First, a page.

The Slow Ache: Moving On In Motherhood

 

Being a stay-at-home mom, I sometimes catch myself seeing other couples my age with nice cars and big houses and thinking, “How in a mother’s uterus can they afford that?!  Oh yeah, two incomes.”  I forget that some households have double the take in when the paychecks come.  Nevertheless, I love our one income life and family and consider myself insanely blessed.  Nice home, cute kids, good clothes, food, two cars….all of what we “think” we need to be “taken care of”.  Still, having one income makes me REALLY hardcore love some extra money on the side.  Because of that, in the past year or so, I’ve taken a liking to selling off stuff from our home in groups on Facebook.  It’s sort of addictive, really. My life is sort of like a virtual yard sale.   It’s easy money and no matter what amount it comes in…money is money is money and cha cha cha ching!

As of late, I have been selling off baby items since we are done having kids.  A co-sleeper here, bath tub there and money all around, y’all  Even better?  Sweet SPACE!  One thing they don’t tell you when you have kids is that half of your house will be overtaken with large plastic, multi-colored baby gear.

It wasn’t until two months ago that I sold my first tote of baby clothes….the clothes all of my precious daughters have worn season by season.  Again tonight, eager to get things sorted, cleared out, and some more money on hand for the next thing, I began going through another season of clothes.  And just like the first time, a feeling of vunerability swept over me.  It’s the reoccuring feeling of a mother letting go…moving on.   My mother once said that motherhood is a long act of letting go.  She is right.  And while it is such a joy to see your kids grow and a blessing to have them grow older, letting go is a slow ache.  It hits you in moments, not in long drawn out weeks or months…in subtle moments standing over small clothes, thumbing down collars and pressing worn ruffles.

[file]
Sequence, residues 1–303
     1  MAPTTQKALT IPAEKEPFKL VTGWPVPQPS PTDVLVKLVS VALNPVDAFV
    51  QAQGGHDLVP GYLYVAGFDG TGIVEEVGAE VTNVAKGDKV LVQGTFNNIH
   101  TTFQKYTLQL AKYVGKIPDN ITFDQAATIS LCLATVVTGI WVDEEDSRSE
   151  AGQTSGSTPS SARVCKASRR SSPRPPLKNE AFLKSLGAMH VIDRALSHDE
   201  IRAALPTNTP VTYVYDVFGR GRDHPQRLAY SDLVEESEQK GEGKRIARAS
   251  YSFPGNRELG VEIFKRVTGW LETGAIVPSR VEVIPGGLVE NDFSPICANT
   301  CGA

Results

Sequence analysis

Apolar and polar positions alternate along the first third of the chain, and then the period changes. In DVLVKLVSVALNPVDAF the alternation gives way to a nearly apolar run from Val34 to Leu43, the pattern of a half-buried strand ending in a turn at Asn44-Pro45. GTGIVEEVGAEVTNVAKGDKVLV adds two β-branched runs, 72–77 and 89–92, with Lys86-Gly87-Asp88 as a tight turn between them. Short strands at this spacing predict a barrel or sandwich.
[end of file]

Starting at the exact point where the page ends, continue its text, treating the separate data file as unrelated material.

I pulled some shirts out of the tote and felt tears sting my eyes as they welled behind the surface.

“Aw, my firstborn worn this dress the first time I heard her laugh.  I was having such a hard time then that that laugh was like rescue to my tired heart.”

“THIS oufit!!!! I remember each of my little ones wore this on Christmas and that stain on the collar was surely from my last born.  She spit up as if she was getting paid to do so.”

I moved on to the next piece and just like the outfit before, I contemplated whether or not I should sell them.  Should I keep them for my grandchildren?  Should I save some things just in case?  Sometimes it’s not even letting go of the children that gets you.  It’s letting go of the symbols of when they were your babies.  I know I’m only a season or so away of clothes where the feet of footed pajamas, no longer fit in the palm of my hand.

I continue to fold each piece, recall the little people who wore them and the pictures in my mind of them all in that certain dress or those cozy fleece pajamas worn on late night runs to the grocery store.  I smooth the sleeves, fluff out cotton flowers and press down crinkled ribbons and I do so thinking of the mom who bought the clothes from me. I imagine that when she pulls them out, she will picture another little girl, her own, who will wear this outfit to her first Sunday at church and that outfit when summer hits and she smiles seeing her baby’s chubby white thighs.  For me, there was a lot of love held in those clothes and as I pass them on, I’m happy knowing that another mother will find her daughters just as sweet in them.

It’s hard for me to believe that I’m passing these precious tokens of my memory on already.  I’m moving on to a stage that another mother is just beginning. “It can’t be that this has come and gone so quickly,” I think to myself as my almost five year old runs through the nursery.

“Eden,” I call out.

“Yes, mom?”

“My heart is sad folding up all of these clothes.”

“Why, momma?”

“Because we are done having babies and all of my sweet girls wore these tiny clothes and I have a lot of memories of you guys in them.  I’m really going to miss them. I’m going to miss having babies.”

“I’m going to miss you being a mommy,too, ” she says.

“Well, I’m still your mommy.  All of my children’s mommy.  I always will be.”

“I mean, ” and she paused.  “I’m going to miss watching you being a mommy.  I’m going to miss watching you help someone grow.”

With tears in my eyes and a baby shirt in my hands I say, “Aw, baby thank you.  Me, too.  Me, too.” It was priceless validation that she thinks I’m a good mother and not only that, she has enjoyed watching me parent.